Luxury stores are still reducing crowding after COVID – and won’t admit why
COVID-19 is starting to wane, but shopping for a Louis Vuitton bag, a Chanel suit or a pair of Gucci loafers increasingly means standing in line outside the boutique — and luxury brands are clearly hawkish about why.
Most elite labels turned to “date shopping” during the height of the pandemic, citing the need for social distancing. But as the threat from the virus recedes, some including Cartier and Harry Winston continue to enforce the new policy.
They also fail to convince shoppers and experts alike of their reasoning – if they bother to explain their position at all. Major brands including Louis Vuitton, Chanel and Cartier have not responded to calls and emails from The Post about their continued use of props in front of store entrances, as queued shoppers are questioned by “helpers” about potential purchases before entering.
Without going into details, the Cartier website advises, “We recommend that you book an appointment in advance of your visit to your store, as your visits may encounter extended waiting times.”
According to experts, restricted customers can often thank a relentless epidemic of burglaries and burglaries in place of social distancing for massive crowd control nationwide, including in New York, Chicago, Miami, San Francisco and Seattle. The theft got so bad last year that Beverly Hills hired two private security companies to patrol Rodeo Drive.
Meanwhile, at the Westchester Mall in White Plains, New York, where thieves ransacked a Louis Vuitton store in February, the doors of the boutique were closed, and props invited shoppers to queue outside.
A couple of headphones-wearing welcomes – flanked by a pair of mall security guards – asked customers if they were there to pick up an order or shop. Shoppers were only allowed in when a fellow was ready to escort them inside.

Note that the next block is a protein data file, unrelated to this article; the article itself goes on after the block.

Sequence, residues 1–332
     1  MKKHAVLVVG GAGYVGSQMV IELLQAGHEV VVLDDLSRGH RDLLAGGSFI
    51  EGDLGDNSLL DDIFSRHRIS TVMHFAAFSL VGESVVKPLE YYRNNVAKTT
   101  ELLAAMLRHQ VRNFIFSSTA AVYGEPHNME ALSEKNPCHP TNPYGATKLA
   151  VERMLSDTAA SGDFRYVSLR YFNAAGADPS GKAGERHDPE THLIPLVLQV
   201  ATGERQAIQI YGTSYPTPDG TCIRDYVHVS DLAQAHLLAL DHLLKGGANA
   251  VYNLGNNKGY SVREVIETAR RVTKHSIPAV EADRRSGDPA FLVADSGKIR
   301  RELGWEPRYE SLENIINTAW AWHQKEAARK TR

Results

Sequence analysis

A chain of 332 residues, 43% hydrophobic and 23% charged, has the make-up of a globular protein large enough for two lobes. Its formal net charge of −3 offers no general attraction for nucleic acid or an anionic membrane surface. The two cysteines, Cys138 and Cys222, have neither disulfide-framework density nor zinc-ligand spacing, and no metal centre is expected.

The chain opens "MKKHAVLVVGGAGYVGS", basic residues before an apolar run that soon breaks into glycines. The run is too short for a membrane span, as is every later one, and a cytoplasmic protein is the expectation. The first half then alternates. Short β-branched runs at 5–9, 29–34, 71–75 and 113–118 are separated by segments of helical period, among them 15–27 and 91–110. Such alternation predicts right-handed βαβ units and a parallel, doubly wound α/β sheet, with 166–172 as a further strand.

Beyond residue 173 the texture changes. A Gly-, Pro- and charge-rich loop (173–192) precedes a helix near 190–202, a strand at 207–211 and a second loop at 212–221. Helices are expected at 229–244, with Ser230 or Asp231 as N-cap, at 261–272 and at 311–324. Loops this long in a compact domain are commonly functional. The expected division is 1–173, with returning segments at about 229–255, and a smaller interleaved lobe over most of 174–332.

“They don’t want customers looking around the store without a store clerk with them,” a sales assistant told The Post.
Luxury brands have succeeded in masking the embarrassment of the situation in part because making it difficult to get into their stores “creates an aura of exclusivity,” says Steve Dennis, a retail consultant in Dallas.
Dennis, author of Brilliant Retail: How to Win and Retain Customers in the Age of Turbulence.
Melanie Holland, luxury retail consultant, adds, “The new nightclub, in its own whimsical way, is entering the Dolce & Gabbana store on Saturday.”
Last week, a Chanel executive sparked a chatter when he revealed in an interview that the company plans to open “special” stores in Asia next year for major customers. Chanel is hiring 3,500 new employees for the initiative, which experts say could be adopted in the United States.
“Our biggest concern is protecting our customers, especially our pre-existing customers,” Philippe Blondeau, Chanel’s chief financial officer, told Business of Fashion. “We will invest in highly protected stores to serve customers in a very exclusive way.”
In response, Fashion Blog Highsnobiety asked, “What exactly do Blondiaux and Chanel want to ‘protect’ their clients from?”
Holland has speculated that Chanel may be looking to prevent its wealthy clients from becoming targets for thieves after they leave stores. She adds that big spenders don’t usually walk the streets.
“People who want to spend $25,000 on a little dress don’t want to stand in line,” Holland said. “Maybe these customers make an appointment with a personal shopper – they know this line isn’t for them.”
As previously reported by The Post, Madison Avenue stores on Manhattan’s Upper East Side, including Chanel, Prada, and Carolina Herrera, are dimming their lights, closing their doors, and opening by appointment only in an effort to deter a wave of boisterous shoplifters during the day. I dreaded the attractive road this year.
In February, a team of seven thieves walked out of The Real Estate in Madison at 71st Street with nearly $500,000 worth of handbags and jewelry.
In the wake of such thefts, there is simply a “new lack of confidence” on the part of retailers “about who walks through their doors,” said Susan Scafidi, founder and director of the Fashion Law Institute at Fordham Law School.
In practice, most luxury brands assign a sales representative to each customer or group. One salesperson said that the days of walking into an exclusive store and “browsing” without a colleague chasing you are pretty much gone.
Meanwhile, staff at high-end boutiques including Chanel, Gucci and Burberry are armed with talking points for curious customers, some of which sound plausible.
“We’re still dealing with shipping delays from Paris and you don’t want everyone to come and notice that the store doesn’t have the latest styles,” a salesperson at a store operated by a major luxury brand told The Post. , speaking on condition of anonymity.
“You want to be able to tell them face to face that cutting is on the way,” the assistant added.